Wow, we've been nominated for a Nobel Peace Prize! This is the most exciting thing to happen to us since we all were named Time's Person of the Year.


Monday, March 15, 2010

The Bugle

Well, I've just discovered something great. It's a podcast called "The Bugle" by British comedians John Oliver of "The Daily Show" and Andy Zaltzman. Hilarious podcast about politics. Let me excerpt from episode 105 when they were talking about The Falklands -- this is an international issue I had no idea about. If you're not up to speed, Argentina is squawking about taking the Falklands again. Chavez (of course) has gotten involved, and the UK doesn't want to give them up because ... drum roll please ... oil has been discovered there! So John, take it away:

The estimate is that there may well be sixty billion barrels of oil around the Falkland Islands, and Britain has really hit the jackpot with this, Andy. Many people were mystified as to why we cared enough to fight a war over the Falklands all those years ago, but now we've been rewarded. It was like we bought an ugly painting no one liked from a thrift store, held on to it for decades, then we took it onto Antiques Roadshow only to be told there was a Rembrandt hidden behind it, and that we were now stinking rich.

- snip -

The beauty of this is that Britain must really be able to count on the U.S. with this one, Andy, we supported them in their morally dubious war for oil, time to call that favor in! But oh, hold on, what's this? It turns out the Obama administration has absolutely no desire to get involved in this at all; it has declined to back Britain's claim that oil exploration near the islands is sanctioned by international law, saying the dispute is strictly a bilateral issue. What!? What happened to "shoulder to shoulder"? All we are asking for is a tiny set of islands, not a region in the middle east. Et tu, Obama? Et tu? If Bush was president, Buenos Aires would already have been carpet bombed by now. Bring him back, Andy, at least we knew where we stood with that guy.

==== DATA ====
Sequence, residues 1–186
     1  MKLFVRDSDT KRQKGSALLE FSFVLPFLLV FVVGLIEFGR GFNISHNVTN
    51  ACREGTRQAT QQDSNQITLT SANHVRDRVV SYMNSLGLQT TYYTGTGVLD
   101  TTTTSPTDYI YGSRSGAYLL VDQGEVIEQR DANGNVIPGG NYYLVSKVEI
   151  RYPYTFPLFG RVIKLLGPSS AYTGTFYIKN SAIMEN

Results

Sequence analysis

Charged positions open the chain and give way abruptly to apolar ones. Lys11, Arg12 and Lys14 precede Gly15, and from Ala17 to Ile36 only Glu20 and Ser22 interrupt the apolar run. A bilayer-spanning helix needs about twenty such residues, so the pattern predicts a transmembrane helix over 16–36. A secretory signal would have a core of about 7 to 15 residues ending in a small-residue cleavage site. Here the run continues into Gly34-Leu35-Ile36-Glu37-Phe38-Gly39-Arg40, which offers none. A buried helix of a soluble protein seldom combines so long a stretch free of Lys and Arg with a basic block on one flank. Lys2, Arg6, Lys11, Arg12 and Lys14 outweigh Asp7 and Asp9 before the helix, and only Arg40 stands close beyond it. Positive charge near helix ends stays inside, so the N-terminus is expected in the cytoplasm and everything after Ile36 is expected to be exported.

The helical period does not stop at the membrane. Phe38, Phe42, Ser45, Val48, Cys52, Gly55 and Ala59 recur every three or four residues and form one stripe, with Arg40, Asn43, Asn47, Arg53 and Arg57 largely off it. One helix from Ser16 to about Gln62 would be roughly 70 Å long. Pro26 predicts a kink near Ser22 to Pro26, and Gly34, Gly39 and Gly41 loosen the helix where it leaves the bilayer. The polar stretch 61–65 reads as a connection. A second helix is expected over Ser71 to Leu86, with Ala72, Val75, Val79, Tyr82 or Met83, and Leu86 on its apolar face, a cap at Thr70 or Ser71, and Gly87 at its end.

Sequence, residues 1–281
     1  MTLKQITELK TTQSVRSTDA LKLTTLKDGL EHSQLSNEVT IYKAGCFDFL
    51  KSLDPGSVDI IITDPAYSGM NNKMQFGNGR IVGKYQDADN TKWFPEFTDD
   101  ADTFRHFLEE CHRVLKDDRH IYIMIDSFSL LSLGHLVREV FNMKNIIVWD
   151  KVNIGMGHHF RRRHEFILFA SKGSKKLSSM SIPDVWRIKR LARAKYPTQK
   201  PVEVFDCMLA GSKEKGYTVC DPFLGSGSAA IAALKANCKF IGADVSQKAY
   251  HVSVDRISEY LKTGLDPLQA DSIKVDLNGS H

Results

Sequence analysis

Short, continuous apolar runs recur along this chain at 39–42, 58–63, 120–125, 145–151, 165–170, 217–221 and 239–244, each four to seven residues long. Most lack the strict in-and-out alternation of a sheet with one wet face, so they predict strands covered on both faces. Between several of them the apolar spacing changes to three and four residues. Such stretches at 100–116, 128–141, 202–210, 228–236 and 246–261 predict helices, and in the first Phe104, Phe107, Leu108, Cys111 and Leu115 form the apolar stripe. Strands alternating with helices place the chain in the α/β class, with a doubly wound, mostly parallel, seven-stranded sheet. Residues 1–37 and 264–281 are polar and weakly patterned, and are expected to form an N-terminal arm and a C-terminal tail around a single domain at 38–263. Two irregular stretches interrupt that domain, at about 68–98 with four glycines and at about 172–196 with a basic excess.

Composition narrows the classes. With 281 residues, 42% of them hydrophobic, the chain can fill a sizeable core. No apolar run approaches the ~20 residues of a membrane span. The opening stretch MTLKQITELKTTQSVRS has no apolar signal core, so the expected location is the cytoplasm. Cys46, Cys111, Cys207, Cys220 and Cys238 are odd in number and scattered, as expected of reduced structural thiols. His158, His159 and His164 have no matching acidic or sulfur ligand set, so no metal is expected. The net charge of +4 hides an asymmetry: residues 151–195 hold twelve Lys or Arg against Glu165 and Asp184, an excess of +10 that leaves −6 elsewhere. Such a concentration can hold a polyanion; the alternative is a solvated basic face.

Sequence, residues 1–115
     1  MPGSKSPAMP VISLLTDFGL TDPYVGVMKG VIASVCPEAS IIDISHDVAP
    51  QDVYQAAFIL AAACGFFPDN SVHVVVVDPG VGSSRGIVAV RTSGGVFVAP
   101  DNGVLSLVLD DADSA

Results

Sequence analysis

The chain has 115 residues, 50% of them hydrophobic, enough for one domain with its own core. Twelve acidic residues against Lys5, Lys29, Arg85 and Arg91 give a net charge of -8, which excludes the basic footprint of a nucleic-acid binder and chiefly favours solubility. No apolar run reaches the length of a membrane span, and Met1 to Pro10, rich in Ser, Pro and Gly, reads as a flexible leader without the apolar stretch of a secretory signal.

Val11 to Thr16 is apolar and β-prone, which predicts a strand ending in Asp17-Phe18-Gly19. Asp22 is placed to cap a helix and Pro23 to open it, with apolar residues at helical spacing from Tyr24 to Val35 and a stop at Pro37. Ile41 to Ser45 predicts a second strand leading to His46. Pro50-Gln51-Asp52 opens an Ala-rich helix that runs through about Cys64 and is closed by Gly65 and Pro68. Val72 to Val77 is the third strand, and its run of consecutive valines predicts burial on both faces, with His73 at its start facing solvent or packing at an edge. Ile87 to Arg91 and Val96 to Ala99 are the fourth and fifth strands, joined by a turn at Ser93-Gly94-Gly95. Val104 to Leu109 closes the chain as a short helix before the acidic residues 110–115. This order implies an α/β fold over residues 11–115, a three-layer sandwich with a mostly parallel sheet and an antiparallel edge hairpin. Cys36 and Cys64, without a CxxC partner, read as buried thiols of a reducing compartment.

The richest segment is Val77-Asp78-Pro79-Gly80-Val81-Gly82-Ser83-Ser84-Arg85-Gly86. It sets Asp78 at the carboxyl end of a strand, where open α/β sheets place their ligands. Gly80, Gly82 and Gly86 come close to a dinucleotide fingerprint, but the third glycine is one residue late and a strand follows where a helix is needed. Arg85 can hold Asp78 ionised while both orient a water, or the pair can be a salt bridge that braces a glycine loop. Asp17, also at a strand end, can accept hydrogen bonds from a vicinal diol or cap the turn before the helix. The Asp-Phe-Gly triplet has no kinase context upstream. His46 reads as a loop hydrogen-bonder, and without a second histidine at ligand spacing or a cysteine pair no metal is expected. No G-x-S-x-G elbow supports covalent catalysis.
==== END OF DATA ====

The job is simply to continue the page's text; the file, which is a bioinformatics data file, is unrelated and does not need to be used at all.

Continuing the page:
Go check it out.


Bibi learns that Obama is not Obambi

Right wingers push the idea that Obama is just a dogooder wimp. A pushover. They say it all the time in the US press. (This does embolden our enemies like Ahmadinejad, but the GOP only cares about such things when one of theirs is in power). So Benjamin Netanyahu, who buys into all this, hatched a plan to end the US call for a halt to West Bank settlements. He had his a housing minister (forget actual title) announce 1600 new houses (1600- anyone get the symbolism?) the day that Obama's Vice President arrives in Israel for talk. The plan was obvious: have a stunned and embarrassed Obama administration, in the person of Joe Biden, do nothing and say little while Israel flouted our wishes. Then the whole MidEast, Israel and the Arab world would see that the US wasn't serious about holding Israel to the 'no settlement' line, and that the Obama would not take on Israel in any serious way.